September 1, 2016
IUCN World Congress 2016: September 1 Opening Ceremony
Midway Island (United States) (AFP) – President Barack Obama went off the beaten track Thursday — way off — to a newly expanded marine reserve on an atoll in the middle of the Pacific Ocean, part of an effort to polish his environmental legacy.
Obama flew three hours west of his native Honolulu to Midway Atoll, on the far northwestern tip of the Hawaiian island chain.
The atoll is situated at the heart of Papahanaumokuakea, a vast Pacific marine reserve given protected status by then-president George W. Bush in 2006.
Obama recently quadrupled its size to make it the world’s largest marine reserve, home to 7,000 marine species, including many endangered birds as well as the Hawaiian monk seal and black coral, which can live for 4,500 years.
“This is going to be a precious resource for generations to come,” Obama told reporters on Midway’s Turtle Beach.
All the atoll’s 40 inhabitants — mostly US Fish and Wildlife Service staff — greeted him.
Until recently, the area was perhaps best known to military history buffs.
Seventy-four years ago, the Battle of Midway was a decisive naval fight in World War II that turned the tide of the war against Japan.
Obama praised the “courage and perseverance” of the vastly outnumbered American soldiers who repelled Japanese forces. “This is hallowed ground,” he said.
Now, he added, protecting the vast ecosystem “allows us to study and research and understand our oceans better than we ever have before.”
– ‘Existential threat’ –
The president was later set to go snorkeling with friends away from journalists, the White House said.
Since taking office in 2009, he has designated more protected areas than any of his predecessors using the Antiquities Act, signed in 1906 by Theodore Roosevelt, who established the first national monuments.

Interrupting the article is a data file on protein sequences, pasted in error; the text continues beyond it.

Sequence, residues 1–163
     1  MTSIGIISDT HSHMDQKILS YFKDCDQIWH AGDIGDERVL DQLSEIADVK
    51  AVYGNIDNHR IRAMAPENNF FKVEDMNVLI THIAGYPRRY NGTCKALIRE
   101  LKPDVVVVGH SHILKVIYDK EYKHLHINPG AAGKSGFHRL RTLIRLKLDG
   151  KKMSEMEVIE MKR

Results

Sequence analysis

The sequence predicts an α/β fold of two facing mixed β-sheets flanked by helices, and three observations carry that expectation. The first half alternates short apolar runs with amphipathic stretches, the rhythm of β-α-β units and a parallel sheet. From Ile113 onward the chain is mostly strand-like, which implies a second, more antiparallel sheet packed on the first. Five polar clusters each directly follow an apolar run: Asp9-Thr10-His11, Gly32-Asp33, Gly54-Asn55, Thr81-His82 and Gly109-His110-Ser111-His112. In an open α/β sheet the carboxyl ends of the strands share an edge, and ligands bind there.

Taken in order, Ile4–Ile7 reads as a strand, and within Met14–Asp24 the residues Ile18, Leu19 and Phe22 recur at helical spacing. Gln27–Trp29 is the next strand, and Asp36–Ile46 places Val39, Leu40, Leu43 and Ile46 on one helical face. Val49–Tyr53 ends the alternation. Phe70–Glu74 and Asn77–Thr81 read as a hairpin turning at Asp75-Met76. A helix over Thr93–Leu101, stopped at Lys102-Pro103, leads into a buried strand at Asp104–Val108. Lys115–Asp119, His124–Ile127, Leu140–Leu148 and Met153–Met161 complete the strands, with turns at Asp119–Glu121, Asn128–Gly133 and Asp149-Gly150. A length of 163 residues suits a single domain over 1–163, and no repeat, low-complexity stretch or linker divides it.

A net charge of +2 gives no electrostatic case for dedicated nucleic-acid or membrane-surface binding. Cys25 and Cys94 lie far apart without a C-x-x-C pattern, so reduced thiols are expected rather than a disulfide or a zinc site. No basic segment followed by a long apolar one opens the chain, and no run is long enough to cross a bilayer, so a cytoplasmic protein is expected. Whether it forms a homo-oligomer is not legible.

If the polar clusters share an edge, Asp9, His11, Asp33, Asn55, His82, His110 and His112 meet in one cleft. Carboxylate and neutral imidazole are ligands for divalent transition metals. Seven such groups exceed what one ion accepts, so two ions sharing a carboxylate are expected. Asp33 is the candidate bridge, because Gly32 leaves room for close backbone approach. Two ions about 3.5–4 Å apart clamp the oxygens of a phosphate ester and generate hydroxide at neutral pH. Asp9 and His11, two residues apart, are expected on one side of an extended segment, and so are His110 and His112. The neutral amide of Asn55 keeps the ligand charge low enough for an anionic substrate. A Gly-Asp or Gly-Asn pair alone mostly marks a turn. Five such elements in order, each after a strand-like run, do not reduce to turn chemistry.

For the outgoing president, the visit is part of an eight-year effort to put the environment and tackling climate change higher on the political agenda.
Scientists would be able to undertake “critically important” study of climate change in the marine reserve, he said.
Although Bush created Papahanaumokuakea, he also earned international scorn by rejecting the global climate deal reached at Kyoto.
Obama, in contrast, has led the charge to secure the recently struck Paris climate agreement.
“Rising temperatures and sea levels pose an existential threat to your countries,” he said in Honolulu earlier to representatives of Pacific island nations at the World Conservation Congress, a major conference of thousands of delegates, including heads of state, scientists and policy makers.
“And while some members of the US Congress still seem to be debating whether climate change is real or not, many of you are already planning for new places for your people to live,” he added.
Asked on Midway whether he would focus on tackling climate change as part of his work after he leaves office in January, Obama said he may try to influence Republican politicians who deny the phenomenon.
“This is something that all of us are going to have to tackle and maybe I get a little more of a hearing if I’m not occupying a political office,” he said.
After his Hawaii visit, Obama is set to attend a G20 meeting in China, where he is expected to announce the joint formal joining of the Paris climate accord with President Xi Jinping.
Midway: Why Barack Obama visited a tiny island in the Pacific